My house was built with a tight curve in the driveway leading to the proposed RV parking. In this driveway, backing in a dually and staying on the concrete is exciting even without a trailer. So I decided to extend the driveway to make it easier to get in and out of and increase my available parking. Concrete is expensive, so is crushed concrete and coquina rock. So I decided to go with Cypress mulch. Originally I thought of going all the way to the road, but my landscaper pointed out that water flow in the drainage area would wash away the mulch. So I decided to end the mulched area before the ditch, outline the mulched area with landscape timbers and then taper the ground up to the parking area without restricting the available drainage.

Every time I come up with a project I always overlook Murphy's Laws of Projects. Well Murphy arrived almost immediately as the project began.

This is the area, right behind the utility shed, where I told the Bobcat operator to dump the soil removed i preparing the area to be mulched. The idea was to build up an area where I could later build a gardening bench for Nana.

As the Bobcat operator dropped the first load, all I saw was a huge strip of beautiful sod that would soon be buried. I then directed the Bobcat operator to lay the piles besides each other and Nana and I spent the next couple of hours pulling as much sod as we could out of the piles and laying them behind the house to extend our yard. All this happened with the heat index well over 95 degrees.

This picture shows some of the sod we managed to get down. It was rip it out of the pile and stamp it down a little farther away. Nana was also spreading bags of manure on and watering the area where we laid the sod.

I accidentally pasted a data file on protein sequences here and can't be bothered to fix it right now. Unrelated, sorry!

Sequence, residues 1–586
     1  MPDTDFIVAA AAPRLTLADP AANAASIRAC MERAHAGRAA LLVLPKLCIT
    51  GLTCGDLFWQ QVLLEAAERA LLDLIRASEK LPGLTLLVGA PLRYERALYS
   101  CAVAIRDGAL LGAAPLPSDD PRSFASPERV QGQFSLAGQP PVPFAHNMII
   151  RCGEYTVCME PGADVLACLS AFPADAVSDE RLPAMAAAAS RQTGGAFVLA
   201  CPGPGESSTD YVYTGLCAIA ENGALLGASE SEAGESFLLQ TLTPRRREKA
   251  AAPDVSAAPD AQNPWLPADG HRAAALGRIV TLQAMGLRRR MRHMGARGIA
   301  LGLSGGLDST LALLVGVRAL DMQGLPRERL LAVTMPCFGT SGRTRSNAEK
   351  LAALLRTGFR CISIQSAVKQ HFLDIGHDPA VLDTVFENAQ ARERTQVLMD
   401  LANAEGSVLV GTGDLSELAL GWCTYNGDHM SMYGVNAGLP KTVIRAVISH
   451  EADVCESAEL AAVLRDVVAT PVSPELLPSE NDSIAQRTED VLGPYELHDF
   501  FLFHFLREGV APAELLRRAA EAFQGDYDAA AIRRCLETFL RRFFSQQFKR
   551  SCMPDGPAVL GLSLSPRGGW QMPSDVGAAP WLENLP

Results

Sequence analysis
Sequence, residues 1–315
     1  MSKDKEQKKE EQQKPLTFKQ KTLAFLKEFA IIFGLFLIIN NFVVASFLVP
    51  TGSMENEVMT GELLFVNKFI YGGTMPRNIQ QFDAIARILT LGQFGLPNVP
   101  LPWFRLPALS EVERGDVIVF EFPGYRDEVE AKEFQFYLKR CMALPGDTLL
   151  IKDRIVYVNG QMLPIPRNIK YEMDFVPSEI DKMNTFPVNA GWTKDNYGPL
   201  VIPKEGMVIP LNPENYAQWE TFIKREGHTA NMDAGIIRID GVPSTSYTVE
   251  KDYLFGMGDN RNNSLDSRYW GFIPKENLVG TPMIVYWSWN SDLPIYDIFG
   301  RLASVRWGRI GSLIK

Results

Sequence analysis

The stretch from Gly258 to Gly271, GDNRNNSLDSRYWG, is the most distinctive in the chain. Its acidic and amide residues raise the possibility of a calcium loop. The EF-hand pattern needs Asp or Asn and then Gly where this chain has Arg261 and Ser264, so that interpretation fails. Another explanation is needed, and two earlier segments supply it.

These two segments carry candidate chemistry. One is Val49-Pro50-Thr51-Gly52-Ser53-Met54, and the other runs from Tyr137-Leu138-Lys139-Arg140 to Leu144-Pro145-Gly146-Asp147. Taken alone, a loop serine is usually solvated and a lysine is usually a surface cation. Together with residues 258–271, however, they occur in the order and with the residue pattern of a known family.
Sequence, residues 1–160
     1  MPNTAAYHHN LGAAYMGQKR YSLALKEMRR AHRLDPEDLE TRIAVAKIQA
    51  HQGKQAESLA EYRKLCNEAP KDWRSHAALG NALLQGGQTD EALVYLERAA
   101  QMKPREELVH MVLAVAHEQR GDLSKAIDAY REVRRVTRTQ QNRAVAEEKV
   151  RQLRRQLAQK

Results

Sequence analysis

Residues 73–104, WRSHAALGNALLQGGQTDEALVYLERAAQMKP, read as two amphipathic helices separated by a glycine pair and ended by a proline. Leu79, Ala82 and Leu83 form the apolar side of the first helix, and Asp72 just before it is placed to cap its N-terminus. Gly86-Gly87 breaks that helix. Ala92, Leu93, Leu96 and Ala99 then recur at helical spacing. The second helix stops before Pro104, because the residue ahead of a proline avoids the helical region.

Ultimately, we had to tell the bobcat operator to spread around and flatten the rest of the sod because we were to tired to move any more of it. In a couple of months, the centipede grass involved will come right up through the dirt and fill in a lot of that area.

Eventually, the Bobcat operator ripped out the sod, removed a bunch of dirt, laid groundcloth and filled in the area with Cyprus Mulch.

From this view you can see where I laid the first line of landscape timber. Originally I thought of going all the way to the road, but my landscaper pointed out that water flow in the drainage area would wash away the mulch. So I decided to end the mulched area before the ditch, outline the mulched area with landscape timbers and then taper the ground up to the parking area without restricting the available drainage.

The landscape timbers on the street side are pegged to the ground with one inch diameter oak dowels 18 inches in length.

The top of this picture shows the area being built up to allow driving in and out over the street side timbers. I hope that will keep the timbers from shifting as vehicles enter and leave the driveway.

This is one of the street side dowels along with the five pound precision instrument used for their installation.

Regardless of location, each eight foot landscape timber will be held in place by three dowels, shorter timbers will have at least two dowels. The dowels along the side of the parking area where no vehicle traffic is expected are 3/4 inch poplar dowels instead of one inch oak, they are also 18 inches in length. All dowels were treated with waterproofing to increase their usable lifetime.

Here the dowel has been inserted into the landscape timber.

This area between the back end of the driveway and the utility shed is also being prepared for the Cyprus mulch.

The distance from the driveway end to the utility shed is about 21 feet. This is mainly for looks as it fills in a no grass area however, if I had a long fifth wheel it could overhang over this area and be out of the way.

Once the mulched area is outlined with landscape timbers, I will build a ramp up to the utility shed for the lawn tractor. In this view you can see I have to install the timbers at both ends and then finish spreading the mulch evenly.